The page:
You know what they are, don't you?… I could go through a long litany of examples, but I won't. You know the ways that sin has power of you. You know places where you seem to trip up every single time. You know the ways that you feel out of control… and the ways that you hate yourself for making the same mistake again. You know the places where you feel tortured. You know the chains that bind you.

We are all so susceptible to sin because sin is such a powerful, and most of all, a tricky thing. Sin has a way of hiding itself in things that are good, waiting until just the right moment to strike. I'm reminded of C. S. Lewis's book, The Screwtape Letters, in which a senior devil gives advise to his nephew about how to tempt good things into sin. I'm reminded of the movie The Devil's Advocate that paints a rather vivid picture of just how sneaky and covert the forces of sin can actually be. Sin is a powerful and real force, and just as Paul says, it has a tendency to work within us whether we like it or not.

Now, I imagine some of you are thinking, "Yes, but isn't all this talk about sin just a way of making excuses when we do something wrong? Can we really say, 'The Devil made me do it'?" Well, we can say it, but it doesn't really mean much. Blaming the forces of sin for our actions, even if it is deserved, doesn't do much for the situation. It doesn't make us guiltless. It doesn't change to consequences of our actions. We still end up in the same place.

So what good is it to know about the power of sin if it always seems to be one step ahead of us and yet we still can't blame sin when we do something wrong? What use is our knowledge of sin if it doesn't seem to help us? And what hope is there for us? If we are bound in slavery to sin, what can we possibly do to set ourselves free?

Well, it appears that we can't do anything to set ourselves free from slavery to sin. No matter how hard we try, sin somehow manages to trick us and to turn our good intensions into more sin.

So what can we do? Give up? Well, in a sense, that is precisely what Paul recommends. Give up. Give in. Wait a minute, can that be right? Are we really supposed to just throw in the towel and give in to our slavery to sin?

No, giving up to sin leads to death. But the way out of slavery to sin is not by fighting our way out, it's not by willing ourselves into a better life. Sin will always win that game. The secret, according to Paul, is to give up, not to sin, but to give up to God.

Trying to be better, to follow God's ways… it's all just beating our heads against a wall. We will never be able to make ourselves holy. But if we give up those delusions, if we give up everything we are and need and want and desire to God, if we become slaves to God – not just servants, but really slaves to God, giving up our will completely to God – that is when we begin to see God's work of salvation moving in us. It's counterintuitive. We want to fight. We want to resist. But sin turns our resistance into pride, which just turns to sin. We want to blame someone. But sin turns our blame – whether we blame ourselves or others – into hate, which just turns into sin. Somehow, what we have to do is to submit. The trick is to make sure we are enslaved to the right master.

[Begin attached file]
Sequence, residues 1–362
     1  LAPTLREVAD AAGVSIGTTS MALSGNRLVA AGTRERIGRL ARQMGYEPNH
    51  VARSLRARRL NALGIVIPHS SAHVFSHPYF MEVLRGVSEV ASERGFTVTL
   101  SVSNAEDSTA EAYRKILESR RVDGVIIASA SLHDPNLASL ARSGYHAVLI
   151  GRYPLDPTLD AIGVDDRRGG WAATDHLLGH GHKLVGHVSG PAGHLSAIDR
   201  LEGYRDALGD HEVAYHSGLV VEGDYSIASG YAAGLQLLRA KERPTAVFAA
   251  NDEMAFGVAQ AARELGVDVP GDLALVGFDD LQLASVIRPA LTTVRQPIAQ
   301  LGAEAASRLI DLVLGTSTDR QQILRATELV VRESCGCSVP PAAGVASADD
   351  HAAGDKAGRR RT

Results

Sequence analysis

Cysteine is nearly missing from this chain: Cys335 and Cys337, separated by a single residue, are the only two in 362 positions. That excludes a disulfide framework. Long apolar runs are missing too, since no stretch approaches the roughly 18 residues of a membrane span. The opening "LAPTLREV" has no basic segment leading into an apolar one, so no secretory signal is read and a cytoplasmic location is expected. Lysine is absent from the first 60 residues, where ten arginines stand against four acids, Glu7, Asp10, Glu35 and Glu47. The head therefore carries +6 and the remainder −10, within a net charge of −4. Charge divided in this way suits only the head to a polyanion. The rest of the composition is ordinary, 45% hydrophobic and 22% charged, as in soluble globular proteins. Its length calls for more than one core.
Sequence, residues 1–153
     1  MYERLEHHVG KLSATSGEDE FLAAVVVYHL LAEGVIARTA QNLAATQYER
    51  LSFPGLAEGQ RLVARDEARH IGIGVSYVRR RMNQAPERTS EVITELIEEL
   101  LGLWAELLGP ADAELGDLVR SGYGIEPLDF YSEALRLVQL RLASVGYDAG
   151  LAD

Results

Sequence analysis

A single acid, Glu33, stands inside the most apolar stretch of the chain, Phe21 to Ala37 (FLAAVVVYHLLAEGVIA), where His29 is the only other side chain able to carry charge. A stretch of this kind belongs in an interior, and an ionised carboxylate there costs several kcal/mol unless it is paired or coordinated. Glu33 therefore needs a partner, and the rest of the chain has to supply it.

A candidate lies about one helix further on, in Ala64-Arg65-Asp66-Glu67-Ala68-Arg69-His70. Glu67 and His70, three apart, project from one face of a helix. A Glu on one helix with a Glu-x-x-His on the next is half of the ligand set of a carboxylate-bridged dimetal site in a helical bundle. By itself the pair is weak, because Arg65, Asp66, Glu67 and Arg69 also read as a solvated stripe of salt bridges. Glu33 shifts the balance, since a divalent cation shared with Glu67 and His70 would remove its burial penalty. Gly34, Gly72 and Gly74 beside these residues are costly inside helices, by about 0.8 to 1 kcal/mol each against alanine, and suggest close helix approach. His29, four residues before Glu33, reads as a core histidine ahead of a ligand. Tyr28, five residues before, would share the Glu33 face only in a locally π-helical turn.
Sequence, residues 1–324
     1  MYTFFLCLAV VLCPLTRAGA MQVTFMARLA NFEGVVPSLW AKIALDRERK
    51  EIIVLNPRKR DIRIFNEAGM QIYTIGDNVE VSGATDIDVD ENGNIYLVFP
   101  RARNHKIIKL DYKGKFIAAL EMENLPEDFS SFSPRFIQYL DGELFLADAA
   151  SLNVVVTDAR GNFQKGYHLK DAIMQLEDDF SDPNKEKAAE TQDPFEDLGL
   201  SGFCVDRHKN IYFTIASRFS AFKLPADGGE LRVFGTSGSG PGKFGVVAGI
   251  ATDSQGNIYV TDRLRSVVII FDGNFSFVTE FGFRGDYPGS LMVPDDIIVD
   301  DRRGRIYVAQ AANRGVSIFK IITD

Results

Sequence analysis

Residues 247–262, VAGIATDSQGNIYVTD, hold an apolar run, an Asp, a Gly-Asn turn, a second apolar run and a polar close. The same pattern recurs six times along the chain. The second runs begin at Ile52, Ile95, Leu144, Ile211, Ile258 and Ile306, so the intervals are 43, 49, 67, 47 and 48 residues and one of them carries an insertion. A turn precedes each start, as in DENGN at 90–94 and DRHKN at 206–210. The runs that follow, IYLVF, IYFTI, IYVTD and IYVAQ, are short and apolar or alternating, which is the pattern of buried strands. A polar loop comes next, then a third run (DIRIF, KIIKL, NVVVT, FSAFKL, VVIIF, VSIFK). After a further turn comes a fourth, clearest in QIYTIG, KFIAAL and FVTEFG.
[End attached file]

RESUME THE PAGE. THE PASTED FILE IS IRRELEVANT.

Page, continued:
Is it easy? No. Not at all. Does it happen all at once? No. Once we are under God, do we stop sinning completely? Unfortunately, we don't. The battle continues within. But the battle is no longer ours, but God's.

How does Paul answer the question, "Who will save me?" He doesn't actually. He simply says, "Thanks be to God through Jesus Christ." Somehow, just being able to ask the question, "Who will save me?" is something that is worthy of thanks and praise. Just crying out in desperation to God is the first step to becoming God's own completely.

A great Quaker minister, Isaac Pennington, very eloquently captures the heart of what it means to give oneself up to God. He writes:

Give over thine own willing, give over thine own running, give over thine own desiring to know or be anything and sink down to the seed which God sows in the heart, and let that grow in thee and be in thee and breathe in thee and act in thee; and thou shalt find by sweet experience that the Lord knows that and loves and owns that, and will lead it to the inheritance of Life, which is its portion.

May we all be willing to trust God so completely.


Anonymous Anonymous said...

Well, I enjoyed it. :) Are you willing to talk about what you learned about preaching from epistles? I've done that a couple of times, but I'm not sure that I learned anything very epistley from it....

Mary Ann

4:37 PM  
Blogger david said...

Well, mostly I learned that I'm terrible at preaching on Epistles. No, actually I think I learned that it's really necessary to come up with lots of examples and anecdotal stories when preaching on Epistles. I'm not very good that, though. That's why I prefer Gospels, especially narrative passages, because they are their own example.

11:41 PM  
Anonymous Anonymous said...

Ah, I see! :D Thanks for answering. :) As I idly made up answers to my question, what I was thinking of was the need to "place" the epistle for the congregation-- whom Paul is talking to, what their condition is, and so on. But I definitely agree that stories are vital. So far I haven't had to strain for them, after a long career of nosiness about the lives of the living and the dead. But I keep thinking that that time is likely coming....

I'm glad ou're having a good time this summer! and that truly is a stunning sunset. We have good ones here, too, but of course they're drier. :D

Mary Ann

7:01 AM